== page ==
Bon appetit!

Posted on July 17, 2012


Ever since arriving in France, I seem to have spent a disproportionate amount of time tucking into crusty baguettes, divine dark chocolate and calorie-laden feasts that normally I would steer away from. I watch the chic women around me on sun-filled terraces and street-side cafes and see French women heartily indulge in steaming croissants and tempting tartines and I wonder how it is that French women really don’t get fat?  Where is the justice?!

I have devoured the words of Mireille Guillano’s book French Women Don’t Get Fat in which the author states that French women don’t diet and for the most part, are gorgeously slim and healthy. Oh and they love food.  They love grocery shopping, preparing food, setting the table and then sitting down and sharing long meals with friends and family.  It’s almost an art.  Their lives revolve around food yet they are not seeing nearly the same obesity rates as the rest of the developed world.

Mais pourquoi?

Where have we … the Brits, the Americans, the Aussies … the non-French full-stop … gone wrong?

All the reasons come down to fairly obvious, common sense approaches to food, life and living but somewhere along the way, too many people have become trapped in a world of yo-yo dieting and quick fixes, diet drugs and lack of inactivity.

The French way of staying slim includes luxuries such as chocolate, wine and bread. They’re not obsessed with weighing themselves nor sitting in traffic jams to unwillingly drive themselves to the gym to sit on a stationary bicycle. They never go hungry because they don’t need to.

How then do they offset these luxuries?

  • They walk EVERYWHERE
  • They drink water ALL DAY LONG  (no sodas, no sugar-laden coffees, no artificial juices, just good old H20)
  • They enjoy SMALL portions of the REAL THING … think two bites of the most amazingly rich dark chocolate souffle over an entire fat-free, sugar-free artificially loaded frozen yogurt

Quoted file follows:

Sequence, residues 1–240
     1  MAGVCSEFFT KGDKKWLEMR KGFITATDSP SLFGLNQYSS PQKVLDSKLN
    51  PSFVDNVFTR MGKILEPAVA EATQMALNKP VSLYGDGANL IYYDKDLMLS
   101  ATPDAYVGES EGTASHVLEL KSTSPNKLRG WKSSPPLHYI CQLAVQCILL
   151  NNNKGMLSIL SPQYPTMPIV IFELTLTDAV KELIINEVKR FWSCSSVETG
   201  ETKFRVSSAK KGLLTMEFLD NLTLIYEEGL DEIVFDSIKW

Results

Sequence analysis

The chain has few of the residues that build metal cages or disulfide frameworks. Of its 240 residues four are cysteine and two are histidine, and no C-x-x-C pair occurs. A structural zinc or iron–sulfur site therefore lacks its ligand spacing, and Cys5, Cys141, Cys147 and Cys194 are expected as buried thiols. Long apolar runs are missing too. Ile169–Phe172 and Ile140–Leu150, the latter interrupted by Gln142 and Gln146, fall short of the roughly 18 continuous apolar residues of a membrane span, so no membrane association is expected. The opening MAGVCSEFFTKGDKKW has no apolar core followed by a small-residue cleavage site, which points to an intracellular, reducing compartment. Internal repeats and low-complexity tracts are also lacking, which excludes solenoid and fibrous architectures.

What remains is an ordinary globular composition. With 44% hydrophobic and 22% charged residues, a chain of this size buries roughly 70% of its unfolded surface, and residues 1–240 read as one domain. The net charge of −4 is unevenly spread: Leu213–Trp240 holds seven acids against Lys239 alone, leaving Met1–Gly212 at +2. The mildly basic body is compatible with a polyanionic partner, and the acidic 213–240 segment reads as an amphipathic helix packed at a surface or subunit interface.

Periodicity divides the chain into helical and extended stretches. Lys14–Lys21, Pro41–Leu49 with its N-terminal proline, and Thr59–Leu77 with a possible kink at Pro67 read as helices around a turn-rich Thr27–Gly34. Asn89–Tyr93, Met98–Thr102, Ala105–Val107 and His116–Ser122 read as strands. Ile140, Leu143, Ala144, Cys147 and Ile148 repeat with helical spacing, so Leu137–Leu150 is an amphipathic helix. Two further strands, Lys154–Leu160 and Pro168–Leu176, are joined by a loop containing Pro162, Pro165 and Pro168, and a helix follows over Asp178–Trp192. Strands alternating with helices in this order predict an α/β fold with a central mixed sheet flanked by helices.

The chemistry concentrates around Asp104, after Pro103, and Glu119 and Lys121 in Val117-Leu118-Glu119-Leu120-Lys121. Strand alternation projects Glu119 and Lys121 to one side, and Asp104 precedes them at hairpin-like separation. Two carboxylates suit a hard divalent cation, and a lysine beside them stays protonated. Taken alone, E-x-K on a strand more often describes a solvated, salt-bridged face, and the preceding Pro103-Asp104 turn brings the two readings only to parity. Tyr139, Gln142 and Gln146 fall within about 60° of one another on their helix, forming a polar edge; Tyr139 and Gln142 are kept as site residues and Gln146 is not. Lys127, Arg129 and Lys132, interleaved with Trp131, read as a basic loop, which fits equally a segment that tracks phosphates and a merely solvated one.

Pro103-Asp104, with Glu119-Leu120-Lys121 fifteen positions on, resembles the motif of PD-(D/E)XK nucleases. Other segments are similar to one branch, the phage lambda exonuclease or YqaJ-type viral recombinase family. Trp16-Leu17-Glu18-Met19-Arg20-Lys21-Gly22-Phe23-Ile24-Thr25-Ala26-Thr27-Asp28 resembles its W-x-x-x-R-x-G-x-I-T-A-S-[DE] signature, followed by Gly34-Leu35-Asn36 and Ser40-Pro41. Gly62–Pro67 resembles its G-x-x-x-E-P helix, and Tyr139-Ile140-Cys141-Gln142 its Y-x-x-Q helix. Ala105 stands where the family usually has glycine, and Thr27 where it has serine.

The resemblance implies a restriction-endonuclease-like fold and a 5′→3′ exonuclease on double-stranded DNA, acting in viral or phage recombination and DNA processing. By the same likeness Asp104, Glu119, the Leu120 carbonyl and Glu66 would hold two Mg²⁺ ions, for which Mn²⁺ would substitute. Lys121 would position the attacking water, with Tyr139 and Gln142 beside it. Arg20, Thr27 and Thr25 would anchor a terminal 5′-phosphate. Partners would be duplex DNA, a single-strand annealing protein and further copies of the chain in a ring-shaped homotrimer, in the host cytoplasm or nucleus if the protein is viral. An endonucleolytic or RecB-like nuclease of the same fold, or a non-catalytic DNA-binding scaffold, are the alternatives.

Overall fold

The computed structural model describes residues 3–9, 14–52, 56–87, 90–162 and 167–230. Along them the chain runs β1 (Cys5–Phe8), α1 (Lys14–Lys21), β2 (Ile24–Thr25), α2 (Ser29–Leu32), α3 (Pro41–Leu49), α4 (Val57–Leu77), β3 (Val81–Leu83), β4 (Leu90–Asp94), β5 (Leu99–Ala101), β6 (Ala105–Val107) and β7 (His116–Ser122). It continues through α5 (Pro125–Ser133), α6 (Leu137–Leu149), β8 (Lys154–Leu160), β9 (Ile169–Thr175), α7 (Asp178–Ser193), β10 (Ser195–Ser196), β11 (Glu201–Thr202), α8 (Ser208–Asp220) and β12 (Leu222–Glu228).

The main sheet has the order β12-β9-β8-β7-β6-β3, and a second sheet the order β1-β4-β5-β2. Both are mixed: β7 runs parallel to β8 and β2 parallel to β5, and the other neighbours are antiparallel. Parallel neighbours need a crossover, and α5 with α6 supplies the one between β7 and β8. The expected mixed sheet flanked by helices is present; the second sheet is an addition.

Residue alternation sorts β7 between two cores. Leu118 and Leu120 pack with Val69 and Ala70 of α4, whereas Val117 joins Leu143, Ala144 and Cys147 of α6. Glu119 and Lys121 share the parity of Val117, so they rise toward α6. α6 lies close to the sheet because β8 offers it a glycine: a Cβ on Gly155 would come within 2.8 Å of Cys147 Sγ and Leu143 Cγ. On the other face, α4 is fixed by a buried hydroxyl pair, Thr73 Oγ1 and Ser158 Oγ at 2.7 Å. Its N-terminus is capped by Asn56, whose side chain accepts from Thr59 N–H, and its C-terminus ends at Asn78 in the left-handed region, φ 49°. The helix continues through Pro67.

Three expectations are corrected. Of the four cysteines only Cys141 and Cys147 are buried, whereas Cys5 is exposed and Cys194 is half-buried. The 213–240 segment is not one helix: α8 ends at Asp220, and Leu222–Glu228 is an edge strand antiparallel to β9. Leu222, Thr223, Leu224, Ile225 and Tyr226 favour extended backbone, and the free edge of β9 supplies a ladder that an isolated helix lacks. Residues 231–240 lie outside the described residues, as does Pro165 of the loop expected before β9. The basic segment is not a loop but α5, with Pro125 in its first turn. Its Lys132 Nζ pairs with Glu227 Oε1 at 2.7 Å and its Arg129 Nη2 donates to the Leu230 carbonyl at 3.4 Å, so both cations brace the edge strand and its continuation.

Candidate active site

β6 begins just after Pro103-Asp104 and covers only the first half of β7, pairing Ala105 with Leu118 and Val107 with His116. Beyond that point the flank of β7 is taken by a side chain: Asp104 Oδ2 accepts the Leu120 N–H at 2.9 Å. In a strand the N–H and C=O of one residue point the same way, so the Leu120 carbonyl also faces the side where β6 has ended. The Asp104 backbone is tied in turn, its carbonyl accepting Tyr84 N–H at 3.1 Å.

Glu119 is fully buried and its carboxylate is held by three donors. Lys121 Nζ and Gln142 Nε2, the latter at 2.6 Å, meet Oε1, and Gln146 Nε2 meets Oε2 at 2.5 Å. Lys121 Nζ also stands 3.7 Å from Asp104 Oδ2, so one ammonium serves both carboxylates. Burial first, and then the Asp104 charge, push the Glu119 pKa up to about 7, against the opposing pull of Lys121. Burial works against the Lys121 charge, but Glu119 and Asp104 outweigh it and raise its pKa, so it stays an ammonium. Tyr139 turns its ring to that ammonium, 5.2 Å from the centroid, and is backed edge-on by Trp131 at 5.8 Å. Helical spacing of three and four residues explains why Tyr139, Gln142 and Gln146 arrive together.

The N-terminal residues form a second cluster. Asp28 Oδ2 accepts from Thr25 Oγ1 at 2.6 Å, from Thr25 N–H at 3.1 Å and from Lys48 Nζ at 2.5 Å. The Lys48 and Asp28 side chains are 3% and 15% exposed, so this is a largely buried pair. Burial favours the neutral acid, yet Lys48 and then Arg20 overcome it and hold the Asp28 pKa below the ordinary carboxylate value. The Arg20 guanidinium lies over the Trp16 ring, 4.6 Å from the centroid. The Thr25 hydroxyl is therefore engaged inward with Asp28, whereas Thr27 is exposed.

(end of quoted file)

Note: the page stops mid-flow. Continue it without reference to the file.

• They’re better at connecting with their bodies so that the fitting of the clothes and the tautness of their zips determine how in shape they are, rather than the number on the scale
  • They don’t fall for no-carb this and low-fat that. They know that it’s far better to make small alterations, steadily over time. If tempted buy a pastry mid-day, they might skip the bread basket at dinner … they won’t think, ‘Oh no, I’ve blown it.  I better starve myself until Tuesday’ and so begins the battle of the erratic metabolism
  • They eat what’s in season and is local. This makes it easier to make daily decisions about what to eat. They don’t have the same culture of hitting the aisles of mass supermarkets every week and behaving like we’re returning to the days of war rations

Ultimately, French women seem to live and eat by comfortable shades of grey instead of the black and white world of many obesity-stricken pockets in the world.

French women typically think of good things to eat. Others worry about bad things to eat. French women associate food with celebration and pleasure.  Others associate eating with sin and guilt. French women savour their food at the table and with good conversation.  Others wolf down meals on their laps in front of the TV.

As with most things, it all comes down to a question of balance. I must admit that I will be needing a little balance of my own post the last few weeks and come my return to Dubai, my days will be all about gym-treats and less about gourmet-treats … for a short time anyway.

In the meantime, I remind myself … and you … that we should never forget to celebrate food, love, friendships and our amazing bodies … and French women are living proof of this.

Bon appetit!

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